Google searches spike for COVID-19 cure

 

 

Google searches for ways to buy unproven COVID-19 drugs spiked by more than 1000 per cent during the pandemic, new research revealed today.

Medical experts have now warned that the dangerous trend underlines the need for reliable health information to be amplified online during a health crisis.

Endorsements of untested and inconclusive drug treatments by entrepreneur Elon Musk and US President Donald Trump both inspired huge spikes in web searches for the medicines, according to the study published in the JAMA Internal Medicine journal, as did the first fatal poisoning by someone who took one of the medicines advertised without medical advice.

US President Donald Trump watches as Dr. Anthony Fauci, director of the National Institute of Allergy and Infectious Diseases, speak about the coronavirus in the James Brady Press Briefing Room of the White House in Washington. Picture: AP Photo/Alex Brandon
US President Donald Trump watches as Dr. Anthony Fauci, director of the National Institute of Allergy and Infectious Diseases, speak about the coronavirus in the James Brady Press Briefing Room of the White House in Washington. Picture: AP Photo/Alex Brandon

University of California computational epidemiologist Dr John Ayers said he launched the study after massive public attention was drawn to malarial medicines chloroquine and hydroxychloroquine as potential treatments for coronavirus even though were untested, could have "toxic effects" on the cardiovascular system, and could be confused with chemicals used in aquarium cleaners.

Dr Ayers said he combined information on Google searches along with keywords such as "buy," "order," "Amazon," and "Walmart" to identify spikes in public interest, and found the drugs' public endorsements led to dangerous online behaviour.

The study found purchasing interest in chloroquine soared by 442 per cent between February and March, while interest in buying hydroxychloroquine without a prescription jumped by a startling 1389 per cent.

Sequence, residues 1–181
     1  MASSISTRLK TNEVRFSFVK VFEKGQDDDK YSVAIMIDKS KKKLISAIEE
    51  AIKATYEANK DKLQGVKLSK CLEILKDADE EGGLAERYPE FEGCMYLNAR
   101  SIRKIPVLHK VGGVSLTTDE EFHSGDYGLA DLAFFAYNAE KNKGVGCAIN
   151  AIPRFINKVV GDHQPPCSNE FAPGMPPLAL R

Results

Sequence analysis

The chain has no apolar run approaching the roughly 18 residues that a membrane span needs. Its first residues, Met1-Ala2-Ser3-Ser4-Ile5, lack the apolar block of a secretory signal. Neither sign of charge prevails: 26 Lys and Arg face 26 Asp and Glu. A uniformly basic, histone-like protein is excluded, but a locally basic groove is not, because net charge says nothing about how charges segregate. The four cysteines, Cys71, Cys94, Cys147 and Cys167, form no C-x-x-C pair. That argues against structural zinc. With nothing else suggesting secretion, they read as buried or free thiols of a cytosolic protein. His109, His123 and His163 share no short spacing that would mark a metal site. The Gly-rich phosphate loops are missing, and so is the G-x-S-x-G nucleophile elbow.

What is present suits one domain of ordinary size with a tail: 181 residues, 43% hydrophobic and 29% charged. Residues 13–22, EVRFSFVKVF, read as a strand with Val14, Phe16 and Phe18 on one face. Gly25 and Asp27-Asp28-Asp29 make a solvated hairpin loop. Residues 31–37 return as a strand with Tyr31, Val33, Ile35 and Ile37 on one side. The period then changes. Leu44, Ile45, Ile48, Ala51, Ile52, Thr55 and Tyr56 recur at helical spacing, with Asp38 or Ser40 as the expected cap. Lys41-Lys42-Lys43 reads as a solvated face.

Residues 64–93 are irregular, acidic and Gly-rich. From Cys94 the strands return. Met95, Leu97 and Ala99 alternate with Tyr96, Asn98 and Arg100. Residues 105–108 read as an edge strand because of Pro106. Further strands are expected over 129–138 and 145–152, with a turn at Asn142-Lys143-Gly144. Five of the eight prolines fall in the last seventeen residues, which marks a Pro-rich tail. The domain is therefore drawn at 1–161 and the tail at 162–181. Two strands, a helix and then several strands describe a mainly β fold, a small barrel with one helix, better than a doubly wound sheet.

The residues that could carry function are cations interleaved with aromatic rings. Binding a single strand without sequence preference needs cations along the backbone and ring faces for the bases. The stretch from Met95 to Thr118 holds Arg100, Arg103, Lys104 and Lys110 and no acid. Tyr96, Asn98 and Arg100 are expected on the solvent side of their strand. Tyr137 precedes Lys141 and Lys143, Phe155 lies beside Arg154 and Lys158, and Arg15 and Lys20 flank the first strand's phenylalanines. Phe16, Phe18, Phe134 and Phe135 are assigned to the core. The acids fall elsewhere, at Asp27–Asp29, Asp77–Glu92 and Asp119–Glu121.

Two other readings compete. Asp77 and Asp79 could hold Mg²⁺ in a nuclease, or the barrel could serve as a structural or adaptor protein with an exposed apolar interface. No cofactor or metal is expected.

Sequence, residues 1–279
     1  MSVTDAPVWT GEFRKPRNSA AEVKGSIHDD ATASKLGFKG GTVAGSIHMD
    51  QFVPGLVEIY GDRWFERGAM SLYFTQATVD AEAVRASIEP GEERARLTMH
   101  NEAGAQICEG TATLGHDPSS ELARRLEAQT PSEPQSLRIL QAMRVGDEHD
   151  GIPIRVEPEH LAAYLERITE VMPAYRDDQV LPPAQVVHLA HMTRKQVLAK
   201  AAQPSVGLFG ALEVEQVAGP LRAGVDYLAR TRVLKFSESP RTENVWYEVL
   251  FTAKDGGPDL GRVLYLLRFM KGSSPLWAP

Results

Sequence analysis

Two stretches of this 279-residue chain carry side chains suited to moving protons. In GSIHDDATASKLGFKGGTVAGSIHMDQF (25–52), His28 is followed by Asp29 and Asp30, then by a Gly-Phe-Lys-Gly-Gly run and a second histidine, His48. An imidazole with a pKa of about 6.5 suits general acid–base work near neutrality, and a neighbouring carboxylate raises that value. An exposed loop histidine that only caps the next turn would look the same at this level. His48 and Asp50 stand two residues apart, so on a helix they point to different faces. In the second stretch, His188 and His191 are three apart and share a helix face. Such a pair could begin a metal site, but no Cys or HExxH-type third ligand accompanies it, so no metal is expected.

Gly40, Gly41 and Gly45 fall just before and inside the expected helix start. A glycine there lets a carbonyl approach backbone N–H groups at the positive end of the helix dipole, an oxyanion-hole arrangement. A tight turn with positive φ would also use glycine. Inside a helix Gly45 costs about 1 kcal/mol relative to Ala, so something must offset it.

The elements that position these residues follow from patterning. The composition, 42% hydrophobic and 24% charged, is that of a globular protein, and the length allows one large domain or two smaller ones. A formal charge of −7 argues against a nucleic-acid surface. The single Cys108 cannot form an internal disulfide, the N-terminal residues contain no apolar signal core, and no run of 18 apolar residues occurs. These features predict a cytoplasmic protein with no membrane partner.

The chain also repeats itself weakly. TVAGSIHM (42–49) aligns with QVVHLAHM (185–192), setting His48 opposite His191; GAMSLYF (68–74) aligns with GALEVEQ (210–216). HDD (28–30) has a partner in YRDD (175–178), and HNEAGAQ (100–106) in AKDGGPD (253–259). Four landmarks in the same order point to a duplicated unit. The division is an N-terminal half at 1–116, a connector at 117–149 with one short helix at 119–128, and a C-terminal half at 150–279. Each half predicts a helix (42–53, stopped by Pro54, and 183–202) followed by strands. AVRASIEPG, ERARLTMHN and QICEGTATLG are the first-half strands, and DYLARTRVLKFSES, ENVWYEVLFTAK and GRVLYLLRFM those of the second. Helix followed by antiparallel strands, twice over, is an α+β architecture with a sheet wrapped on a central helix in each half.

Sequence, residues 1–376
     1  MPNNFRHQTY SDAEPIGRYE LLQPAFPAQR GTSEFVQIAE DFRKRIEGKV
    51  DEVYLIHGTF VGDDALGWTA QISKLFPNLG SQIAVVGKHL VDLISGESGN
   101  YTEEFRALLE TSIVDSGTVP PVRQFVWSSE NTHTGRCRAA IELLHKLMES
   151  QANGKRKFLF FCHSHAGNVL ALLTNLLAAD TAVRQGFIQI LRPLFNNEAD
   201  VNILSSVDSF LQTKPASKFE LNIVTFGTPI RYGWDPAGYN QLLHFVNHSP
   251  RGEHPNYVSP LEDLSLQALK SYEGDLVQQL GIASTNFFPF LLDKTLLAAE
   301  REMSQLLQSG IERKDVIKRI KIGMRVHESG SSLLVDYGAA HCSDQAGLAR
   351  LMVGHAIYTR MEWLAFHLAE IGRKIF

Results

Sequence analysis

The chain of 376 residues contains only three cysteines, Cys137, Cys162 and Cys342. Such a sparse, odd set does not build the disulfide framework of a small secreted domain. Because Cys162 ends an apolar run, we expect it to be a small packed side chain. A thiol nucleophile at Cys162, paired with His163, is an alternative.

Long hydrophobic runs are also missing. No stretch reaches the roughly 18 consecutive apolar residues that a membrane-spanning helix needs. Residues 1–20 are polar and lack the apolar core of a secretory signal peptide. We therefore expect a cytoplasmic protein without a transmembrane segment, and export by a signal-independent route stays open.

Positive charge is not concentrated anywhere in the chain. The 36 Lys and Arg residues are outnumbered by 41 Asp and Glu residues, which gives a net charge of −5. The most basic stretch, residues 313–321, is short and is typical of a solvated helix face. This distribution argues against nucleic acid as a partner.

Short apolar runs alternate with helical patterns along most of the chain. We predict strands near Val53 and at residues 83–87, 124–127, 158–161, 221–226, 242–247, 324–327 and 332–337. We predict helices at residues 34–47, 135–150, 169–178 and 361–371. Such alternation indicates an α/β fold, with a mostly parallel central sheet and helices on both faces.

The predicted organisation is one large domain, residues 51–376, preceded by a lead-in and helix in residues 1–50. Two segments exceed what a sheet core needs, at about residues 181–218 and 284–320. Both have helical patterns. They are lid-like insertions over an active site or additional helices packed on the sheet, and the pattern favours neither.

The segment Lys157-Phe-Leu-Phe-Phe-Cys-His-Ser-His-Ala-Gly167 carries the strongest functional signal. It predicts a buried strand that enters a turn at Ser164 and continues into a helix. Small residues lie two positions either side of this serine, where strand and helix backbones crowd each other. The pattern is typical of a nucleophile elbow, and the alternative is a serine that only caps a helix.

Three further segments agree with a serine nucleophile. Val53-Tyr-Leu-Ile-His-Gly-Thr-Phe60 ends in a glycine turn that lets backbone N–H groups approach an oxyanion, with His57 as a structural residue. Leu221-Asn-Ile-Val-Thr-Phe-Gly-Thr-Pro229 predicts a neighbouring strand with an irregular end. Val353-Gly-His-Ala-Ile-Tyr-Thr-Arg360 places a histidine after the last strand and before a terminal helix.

"In times of public health crises, therapies not supported by adequate evidence … should not be touted by public figures," Dr Ayers wrote.

"Endorsements can lead to unsupervised use of the products with dangerous consequences to the people who take them, and hoarding of these medications can result in shortages for those who require them for legitimate health reasons.

A bottle of hydroxychloroquine tablet. The U.S. Food and Drug Administration warned doctors against prescribing the malaria drug to treat COVID-19 outside of hospitals or research settings. Picture: AP Photo/David J. Phillip
A bottle of hydroxychloroquine tablet. The U.S. Food and Drug Administration warned doctors against prescribing the malaria drug to treat COVID-19 outside of hospitals or research settings. Picture: AP Photo/David J. Phillip

"These negative consequences are magnified in this circumstance because chloroquine-containing products are commercially available to the public through such sites as Amazon."

Google searches for the medication even spiked a third time after reports of chloroquine poisoning.

Nigerian officials announced three people had overdosed on the medication on March 23.

Dr Ayers said although Google added "an educational website (to) search results related to the outbreak," further warnings and restrictions by the company and online marketplaces selling these drugs should be introduced to prevent harm.

Neither drug has been approved by health authorities for treating COVID-19, with one study by Brazilian and Spanish researchers halted high-dose tests of the drugs early due to the deaths of 22 participants.

America's Federal Drug Administration also issued a warning about the medication, saying it was "aware of reports of serious heart rhythm problems in patients" trialling the medicines.

The warnings also come a week after Mr Trump questioned whether disinfectants could be used to treat COVID-19 "by an injection inside or almost a cleaning," an announcement that has reportedly led to an increase in calls to US poison hotlines.

Originally published as Google searches spike for COVID-19 cure



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